Le bateau – La chaloupe a vapeur from 1893

I found an article in an old French technical magazine La Nature from 1894 about a tin boat made by Martin.
This nice piece is put in motion by the well-known Martin “rubber band” method, the motion is done by a winding handle at the front of the boat, under the boat is, in the tube, the “rubber band” that goes to the movement mechanism.

Produced from 1893
Product number 125 (In the books known to us, this toy has the Martin product number 43 which is not correct. )
Hand lacquered
Mechanism: Rubber band

length approx 27.5 cm (10.63) inches

Part of the rubber band patent 128,445 drawing
This very rare model lacks the steering and drive.
On display in the Toy Museum Soltau (“Spielmuseum Soltau”) in Germany
Image courtesy of Bertoia Auctions
Original catalog page

Original article and drawing’s from the magazine “La Nature 1894” Source: (Cnum – Digital Conservatory of Arts and Crafts – http://cnum.cnam.fr)

Looking at it closely, or is almost always astonished, and often amazed at the ingenuity displayed in the construction of any toy.
The child who breaks his rattle has no idea that he sometimes destroys a wonder, and Mum is far from even thinking of it. It only cost fifteen sous, they say.
But it is specified by the modieity of its price that the mechanical toy is generally a tour de force of combination.
To reduce everything to the maximum of simplicity from the point of view of the manufacture and assembly of the parts, such is the condition under which a toy will not be sold, because it will be too expensive.
Among the new creations of the last day of the year, we will choose one that is typical: the boat with propellant rudder.
Whoever imagined it must have often observed the fish, seen the way in which they throw right and left a blow of the tail which makes them move forward, and he undoubtedly sought to imitate this movement in the toy of which we speak.

Here is (fig. I) our little boat
At first glance, one thinks to see a boiler and a propeller, with a pill oddly sitting down with his steam engine and holding the rudder ropes. However, that is not the mechanism.
The pilot only serves to amuse baby, the boiler too.
The whole engine is in the keel; it is a simple rubber thread concealed in a channel, and fixed in the center of a toothed wheel; ‘at the other end, it is attached to a lever which rests on the two notches of a ratchet
The toothed wheel is nothing more than an escape wheel, and not the least; it is an anchor escapement of which the rudder head forms the counterpart.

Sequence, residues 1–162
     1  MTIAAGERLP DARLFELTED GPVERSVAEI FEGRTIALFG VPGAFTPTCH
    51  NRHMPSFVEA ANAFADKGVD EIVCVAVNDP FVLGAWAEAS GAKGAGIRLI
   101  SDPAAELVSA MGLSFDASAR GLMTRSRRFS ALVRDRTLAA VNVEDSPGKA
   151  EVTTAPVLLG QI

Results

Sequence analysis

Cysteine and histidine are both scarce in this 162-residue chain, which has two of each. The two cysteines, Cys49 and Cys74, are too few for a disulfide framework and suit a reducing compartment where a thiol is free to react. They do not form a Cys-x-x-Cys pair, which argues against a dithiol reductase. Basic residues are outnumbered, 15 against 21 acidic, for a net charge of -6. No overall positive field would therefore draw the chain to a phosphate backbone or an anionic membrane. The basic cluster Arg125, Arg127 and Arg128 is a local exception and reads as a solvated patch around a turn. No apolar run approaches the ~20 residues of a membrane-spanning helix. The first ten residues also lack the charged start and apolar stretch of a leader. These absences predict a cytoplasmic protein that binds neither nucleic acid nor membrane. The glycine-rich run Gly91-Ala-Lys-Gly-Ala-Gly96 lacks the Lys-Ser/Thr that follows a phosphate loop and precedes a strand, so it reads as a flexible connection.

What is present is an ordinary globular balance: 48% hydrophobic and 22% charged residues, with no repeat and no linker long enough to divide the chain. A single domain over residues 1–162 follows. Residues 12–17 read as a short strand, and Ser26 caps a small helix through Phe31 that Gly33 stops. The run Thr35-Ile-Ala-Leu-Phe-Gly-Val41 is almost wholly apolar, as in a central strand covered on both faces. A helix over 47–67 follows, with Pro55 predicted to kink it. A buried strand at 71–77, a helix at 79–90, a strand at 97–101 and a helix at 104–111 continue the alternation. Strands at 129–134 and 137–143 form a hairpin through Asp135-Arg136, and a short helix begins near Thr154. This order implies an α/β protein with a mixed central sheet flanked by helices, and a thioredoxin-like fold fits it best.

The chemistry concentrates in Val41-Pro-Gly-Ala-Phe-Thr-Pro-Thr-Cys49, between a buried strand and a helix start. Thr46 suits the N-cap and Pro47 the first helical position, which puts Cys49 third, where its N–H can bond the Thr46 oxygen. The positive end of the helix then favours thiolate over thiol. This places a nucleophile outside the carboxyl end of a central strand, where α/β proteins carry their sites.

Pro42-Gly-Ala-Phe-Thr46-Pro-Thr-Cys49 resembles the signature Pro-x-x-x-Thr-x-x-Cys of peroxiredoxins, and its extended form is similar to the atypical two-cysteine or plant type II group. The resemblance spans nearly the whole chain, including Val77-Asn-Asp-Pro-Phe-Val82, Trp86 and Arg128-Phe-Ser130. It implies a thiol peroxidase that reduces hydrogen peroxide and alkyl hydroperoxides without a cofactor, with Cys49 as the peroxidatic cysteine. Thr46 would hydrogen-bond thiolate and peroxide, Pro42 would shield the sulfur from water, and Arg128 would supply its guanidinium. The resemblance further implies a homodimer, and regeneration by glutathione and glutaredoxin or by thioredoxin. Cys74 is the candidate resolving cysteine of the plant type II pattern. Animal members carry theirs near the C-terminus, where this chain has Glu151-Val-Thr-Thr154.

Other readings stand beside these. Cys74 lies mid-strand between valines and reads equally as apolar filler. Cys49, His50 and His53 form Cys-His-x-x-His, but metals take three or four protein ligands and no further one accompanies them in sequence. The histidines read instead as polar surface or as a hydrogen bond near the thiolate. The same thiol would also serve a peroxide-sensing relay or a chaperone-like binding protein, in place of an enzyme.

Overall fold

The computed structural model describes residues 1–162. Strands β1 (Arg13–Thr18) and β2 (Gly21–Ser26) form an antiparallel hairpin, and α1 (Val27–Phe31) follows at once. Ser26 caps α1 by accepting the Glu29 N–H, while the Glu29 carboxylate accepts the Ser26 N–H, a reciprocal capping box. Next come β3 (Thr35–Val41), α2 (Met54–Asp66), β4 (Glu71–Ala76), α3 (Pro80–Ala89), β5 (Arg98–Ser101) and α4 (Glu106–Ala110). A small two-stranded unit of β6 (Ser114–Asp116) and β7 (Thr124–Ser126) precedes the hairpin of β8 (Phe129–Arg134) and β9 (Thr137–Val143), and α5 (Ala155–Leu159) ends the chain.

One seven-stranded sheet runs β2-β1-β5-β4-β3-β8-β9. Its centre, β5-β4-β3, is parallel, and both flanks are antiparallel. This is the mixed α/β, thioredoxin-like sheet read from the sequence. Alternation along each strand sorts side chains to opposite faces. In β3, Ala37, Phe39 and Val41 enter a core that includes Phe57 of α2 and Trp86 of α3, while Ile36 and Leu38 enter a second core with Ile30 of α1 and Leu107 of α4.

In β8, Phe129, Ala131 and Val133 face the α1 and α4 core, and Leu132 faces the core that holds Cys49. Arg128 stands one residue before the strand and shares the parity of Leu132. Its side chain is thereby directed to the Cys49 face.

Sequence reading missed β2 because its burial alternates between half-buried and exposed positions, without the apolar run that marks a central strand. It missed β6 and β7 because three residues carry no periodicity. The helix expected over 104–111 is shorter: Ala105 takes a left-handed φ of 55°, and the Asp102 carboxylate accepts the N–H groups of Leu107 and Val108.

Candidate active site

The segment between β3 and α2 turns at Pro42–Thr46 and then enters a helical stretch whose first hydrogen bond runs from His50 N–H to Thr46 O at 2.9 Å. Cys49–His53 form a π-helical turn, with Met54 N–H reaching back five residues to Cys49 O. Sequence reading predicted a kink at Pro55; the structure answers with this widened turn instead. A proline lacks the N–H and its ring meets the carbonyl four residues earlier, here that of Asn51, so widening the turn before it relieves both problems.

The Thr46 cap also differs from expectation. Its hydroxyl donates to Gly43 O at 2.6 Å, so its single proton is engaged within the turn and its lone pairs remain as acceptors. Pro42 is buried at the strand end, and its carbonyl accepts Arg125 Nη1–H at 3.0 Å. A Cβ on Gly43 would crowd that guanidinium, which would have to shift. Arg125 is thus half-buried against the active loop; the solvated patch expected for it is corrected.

Under the alternating impact of the teeth of the wheel (fig. I detail) between two stops placed to the right and to the left of the axis of the gourernail, the latter begins to perform oscillations which communicate its movement to the boat.
By what mechanism is the thrust carried out?
It is easy to realize this by analyzing the movement of the gourernail. Oscillations around the axis can be likened to periodically interrupted rotation.
However, this rotation results in a centrifugal movement of the water, and, consequently, a reaction on the rudder, the component of which along the axis of the boat is directed forward.
But there is another cause, probably dies effective, of propulsion.
If the rudder were to execute movements with symmetrical speeds, it would experience a thrust forward as it approached its mean position, and a retrograde thrust of the same mean value from that point on.
But this is not the case.
When the rudder leaves the escape wheel, the latter falls back with force on the second stop, and loses part of its kinetic energy there, immediately imparting a certain speed to the rudder; it then acts on the maximum lever arm, but when the rudder passes through its equilibrium position, the stop is already tilted a little; it slips away more and more, until the loose tooth is caught.
The speed of the rudder therefore decreases from the moment it begins to throw water back, until it reaches the end of its course.
However, the resistance of water is roughly proportional to the square of the speed of the moving body; therefore the pressures are stronger from back to front than in the reverse direction.
On average, this results in a propulsive force for progression which makes our little boat move forward.
We compared it earlier to a eur. View ecti.mblo and detail of the fish rudder; the analogy is real, but it is not perfect.
The rigid rudder employed as a propellant is far from being advantageous, since its action depends above all on a difference in speed and can only be very slight, and we know that, in nature, actions are generally very well combined.
If, instead of a rigid rudder, an articulated rudder is adopted (fig. 2), the apparatus becomes more advantageous; attempts in this direction have been made in the past.
The thruster consists, in this combination, of two parts A and B connected by a vertical axis.

Plane A carries, on the right and on the left, two stoppers which limit the movement of B.
As soon as this last plan ceased to act as a propellant.
A goes back, and resumes B in the symmetrical position of the one he occupied.
We can now replace the single joint with a series of hinges, each of which leaves the plane it carries a certain degree of freedom. We thus manage to build a propellant similar to the tail of the fish, of which our small boat shows the mode of action by an elementary mechanism of extreme simplicity.

A picture of this boat on the cover of the Frech version of the book: LES BATEAUX JOUETS of Jacques Milet by Publisher : ARTE; 1st edition (January 1, 1967)

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